Diseases of the Orbit

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Diseases of the orbit present with displacement of the eye (proptosis) or orbital pain.
The main causes for swelling in the orbit are vascular lesions, inflammatory diseases, and tumours.

Clinical evaluation includes imaging of the orbit to establish the site and nature of the swelling, followed by biopsy in many cases.

Thyroid disease (Graves disease) may cause orbital swelling and proptosis due to accumulation of extracellular matrix material in the orbital tissues.
Disease of the orbit may be manifest by displacement of the eye.

Imaging of the orbit is an important part of ivestigation of proptosis.

In this case swelling of orbital tissues suggests thyroid eye disease.

Lymphoma is the most common type of primary malignant orbital tumour

The most common primary tumour of the orbit is non-Hodgkin's lymphoma. The majority are low-grade B-cell lymphoplasmacytic tumours; less common are high-grade centroblastic/immunoblastic tumours. Burkitt's lymphoma, a high-grade lymphoblastic B-cell tumour, is the most common orbital tumour in some parts of Africa.

Macroscopically, tumours form masses within the orbit, often involving the extraocular muscles. Many arise from the lacrimal gland.

Tumours that are of the low-grade lymphoplasmacytic type have a low risk (<25%) of systemic disease and an excellent prognosis, whereas those that are intermediate- or high-grade have a high risk (>60%) of developing systemic disease. 

Benign reactive lymphoid infiltrates of the orbit are also seen and must be distinguished from lymphomas by immunohistochemistry.

Orbital tumours of mesodermal and neural origin may be benign or malignant

Orbital tumours may arise from neural or mesodermal tissues. Different tumours, both benign and malignant, are encountered in different age groups.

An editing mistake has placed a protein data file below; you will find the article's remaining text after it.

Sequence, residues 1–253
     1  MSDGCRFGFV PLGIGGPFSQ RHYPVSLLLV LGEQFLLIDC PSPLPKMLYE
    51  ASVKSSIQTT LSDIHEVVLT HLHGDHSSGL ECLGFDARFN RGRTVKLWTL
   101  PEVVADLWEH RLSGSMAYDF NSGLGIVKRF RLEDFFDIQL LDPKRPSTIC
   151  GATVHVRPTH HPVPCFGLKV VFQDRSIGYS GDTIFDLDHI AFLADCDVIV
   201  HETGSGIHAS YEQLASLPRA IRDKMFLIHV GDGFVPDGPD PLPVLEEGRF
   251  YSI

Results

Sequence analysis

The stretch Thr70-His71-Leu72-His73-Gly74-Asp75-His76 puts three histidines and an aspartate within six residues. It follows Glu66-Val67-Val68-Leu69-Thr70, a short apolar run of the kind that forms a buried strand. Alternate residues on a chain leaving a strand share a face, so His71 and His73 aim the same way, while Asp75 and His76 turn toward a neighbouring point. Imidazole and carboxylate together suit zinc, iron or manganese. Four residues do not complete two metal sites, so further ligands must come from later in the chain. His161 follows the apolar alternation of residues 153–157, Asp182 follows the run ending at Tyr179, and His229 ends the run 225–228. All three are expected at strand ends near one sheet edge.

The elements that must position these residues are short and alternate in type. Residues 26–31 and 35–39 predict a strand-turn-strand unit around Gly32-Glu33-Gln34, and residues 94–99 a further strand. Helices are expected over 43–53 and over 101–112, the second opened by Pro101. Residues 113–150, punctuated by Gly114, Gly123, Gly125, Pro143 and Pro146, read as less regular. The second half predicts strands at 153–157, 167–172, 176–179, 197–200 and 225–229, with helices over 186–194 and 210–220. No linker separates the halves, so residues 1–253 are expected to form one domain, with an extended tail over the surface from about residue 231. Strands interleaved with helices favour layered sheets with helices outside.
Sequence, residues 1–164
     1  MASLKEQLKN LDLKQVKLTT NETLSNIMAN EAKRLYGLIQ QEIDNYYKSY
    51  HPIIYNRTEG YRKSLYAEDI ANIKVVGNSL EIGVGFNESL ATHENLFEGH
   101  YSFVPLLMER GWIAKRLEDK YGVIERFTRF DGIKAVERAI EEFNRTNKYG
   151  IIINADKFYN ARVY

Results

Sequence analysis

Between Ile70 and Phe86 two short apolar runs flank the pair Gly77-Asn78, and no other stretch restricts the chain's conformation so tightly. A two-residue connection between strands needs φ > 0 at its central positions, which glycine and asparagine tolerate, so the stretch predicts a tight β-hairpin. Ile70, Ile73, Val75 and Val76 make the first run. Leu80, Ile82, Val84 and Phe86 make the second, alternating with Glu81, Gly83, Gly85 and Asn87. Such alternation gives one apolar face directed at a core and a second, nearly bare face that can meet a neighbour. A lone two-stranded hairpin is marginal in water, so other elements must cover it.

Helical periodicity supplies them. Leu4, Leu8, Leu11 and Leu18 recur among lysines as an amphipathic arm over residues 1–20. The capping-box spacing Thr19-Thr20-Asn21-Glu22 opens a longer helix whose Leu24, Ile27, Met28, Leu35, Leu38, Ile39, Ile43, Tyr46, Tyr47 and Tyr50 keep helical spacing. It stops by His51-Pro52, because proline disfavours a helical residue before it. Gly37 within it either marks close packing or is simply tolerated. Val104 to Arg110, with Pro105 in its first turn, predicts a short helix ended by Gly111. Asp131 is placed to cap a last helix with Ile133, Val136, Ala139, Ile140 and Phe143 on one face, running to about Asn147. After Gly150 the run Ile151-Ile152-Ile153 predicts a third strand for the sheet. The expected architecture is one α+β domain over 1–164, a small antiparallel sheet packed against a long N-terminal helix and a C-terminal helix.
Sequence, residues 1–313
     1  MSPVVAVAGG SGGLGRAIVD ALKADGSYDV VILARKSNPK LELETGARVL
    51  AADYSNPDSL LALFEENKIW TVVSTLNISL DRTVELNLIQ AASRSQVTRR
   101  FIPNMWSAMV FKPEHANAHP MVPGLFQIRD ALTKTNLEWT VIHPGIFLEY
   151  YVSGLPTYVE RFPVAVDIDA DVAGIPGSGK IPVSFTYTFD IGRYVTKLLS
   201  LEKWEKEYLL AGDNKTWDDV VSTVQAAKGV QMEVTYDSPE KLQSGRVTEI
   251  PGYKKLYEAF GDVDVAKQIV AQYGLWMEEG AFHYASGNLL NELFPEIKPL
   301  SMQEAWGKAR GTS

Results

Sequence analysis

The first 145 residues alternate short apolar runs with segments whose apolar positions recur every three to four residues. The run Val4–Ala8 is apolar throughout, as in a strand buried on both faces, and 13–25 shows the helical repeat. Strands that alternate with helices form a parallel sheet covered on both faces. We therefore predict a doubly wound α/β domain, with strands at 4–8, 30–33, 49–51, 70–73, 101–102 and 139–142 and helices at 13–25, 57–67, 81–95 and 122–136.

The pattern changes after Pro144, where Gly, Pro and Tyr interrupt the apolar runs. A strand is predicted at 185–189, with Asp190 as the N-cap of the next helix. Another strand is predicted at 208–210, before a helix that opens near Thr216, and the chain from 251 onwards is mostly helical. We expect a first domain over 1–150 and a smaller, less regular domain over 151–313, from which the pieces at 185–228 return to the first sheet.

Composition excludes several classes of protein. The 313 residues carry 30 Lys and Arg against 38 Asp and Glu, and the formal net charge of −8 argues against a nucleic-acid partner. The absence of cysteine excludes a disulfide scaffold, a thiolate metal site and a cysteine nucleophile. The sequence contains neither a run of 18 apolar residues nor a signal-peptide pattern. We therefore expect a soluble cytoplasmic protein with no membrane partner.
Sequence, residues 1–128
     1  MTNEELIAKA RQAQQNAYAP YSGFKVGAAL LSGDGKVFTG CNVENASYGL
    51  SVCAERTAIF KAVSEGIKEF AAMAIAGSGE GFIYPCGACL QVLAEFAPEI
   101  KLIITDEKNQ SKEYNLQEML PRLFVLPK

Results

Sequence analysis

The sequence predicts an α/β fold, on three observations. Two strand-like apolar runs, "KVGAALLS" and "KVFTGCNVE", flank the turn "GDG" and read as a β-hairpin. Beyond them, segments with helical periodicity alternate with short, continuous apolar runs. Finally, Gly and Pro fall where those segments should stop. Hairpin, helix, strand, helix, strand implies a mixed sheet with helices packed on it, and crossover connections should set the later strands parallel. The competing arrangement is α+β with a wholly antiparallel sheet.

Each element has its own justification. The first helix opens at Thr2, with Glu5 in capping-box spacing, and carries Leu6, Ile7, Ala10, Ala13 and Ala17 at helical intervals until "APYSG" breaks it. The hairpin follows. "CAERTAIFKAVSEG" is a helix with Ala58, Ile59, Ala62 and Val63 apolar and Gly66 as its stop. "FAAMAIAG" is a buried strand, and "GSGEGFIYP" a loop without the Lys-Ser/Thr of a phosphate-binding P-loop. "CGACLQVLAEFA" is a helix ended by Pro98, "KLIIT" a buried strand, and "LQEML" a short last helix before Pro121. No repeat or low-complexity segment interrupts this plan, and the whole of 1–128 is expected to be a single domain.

Ocular tumour extension into the orbit is a frequent development, the main ocular tumours being retinoblastoma in childhood, and uveal melanoma in adults.

Rhabdomyosarcoma of the orbit is a tumour of childhood, being of the embryonal sub-type. Although highly malignant, treatment with radiotherapy and chemotherapy shows a 3-year survival rate of 93%.

Fibrous histiocytoma is the most common mesenchymal tumour of the orbit in adults. It is a spindle-cell tumour composed of fibroblast-like cells and histiocyte-like cells with a collagenous matrix, classified into benign, locally aggressive, and malignant types. As they are poorly circumscribed, these tumours often recur, with a recurrence rate of 30% for benign lesions, 57% for locally aggressive lesions, and 64% for malignant lesions.
Fibro-osseous lesions from the skull often encroach on the orbit, particularly fibromatoses, primary bone tumours, fibrous dysplasia of bone, and Langerhans cell histiocytosis (histiocytosis X).

Benign nerve-sheath tumours account for about 2% of all orbital tumours. They are either well-circumscribed schwannomas (neurilemmomas) or less easily excised plexiform neurofibromas.

Meningiomas of the orbit arise from the arachnoidal meningothelial cells of the optic nerve sheath and are similar to those that occur in the CNS.

Optic-nerve gliomas are astrocytomas of low-grade malignancy, classed as juvenile pilocytic astrocytomas. Histologically they are spindle-cell tumours with a fine fibrillarity.

Lacrimal gland swellings may be inflammatory or neoplastic

Enlargement of lacrimal gland may be due to specific or non-specific inflammation (including granulomatous diseases), or to primary (benign and malignant) and metastatic neoplasms.

Infection (commonly due to bacteria) of the lacrimal gland or ducts may cause swelling. Blockage of the duct may occur with local overgrowth of Actinomyces, forming the basis for a calculus composed of filamentous organisms.

Cysts of the lacrimal gland or associated ducts are common. Some are developmental dermoid cysts, whereas others are retention cysts caused by duct blockage.

Sjِgren's disease is associated with autoimmune infiltration and enlargement of the gland by lymphoid cells, with gland loss causing dry eyes.

Sarcoidosis is associated with expansion of the gland by non-caseating granulomas.

Lymphoma of the lacrimal gland is the most common primary tumour (usually low-grade B-cell non-Hodgkin's lymphoma).

Epithelial tumours of the lacrimal gland are histologically similar to those of the salivary glands, the main types being pleomorphic adenoma, adenoid cystic carcinoma, carcinoma in a pleomorphic adenoma (malignant mixed tumour) and, less commonly, squamous carcinoma and adenocarcinoma.
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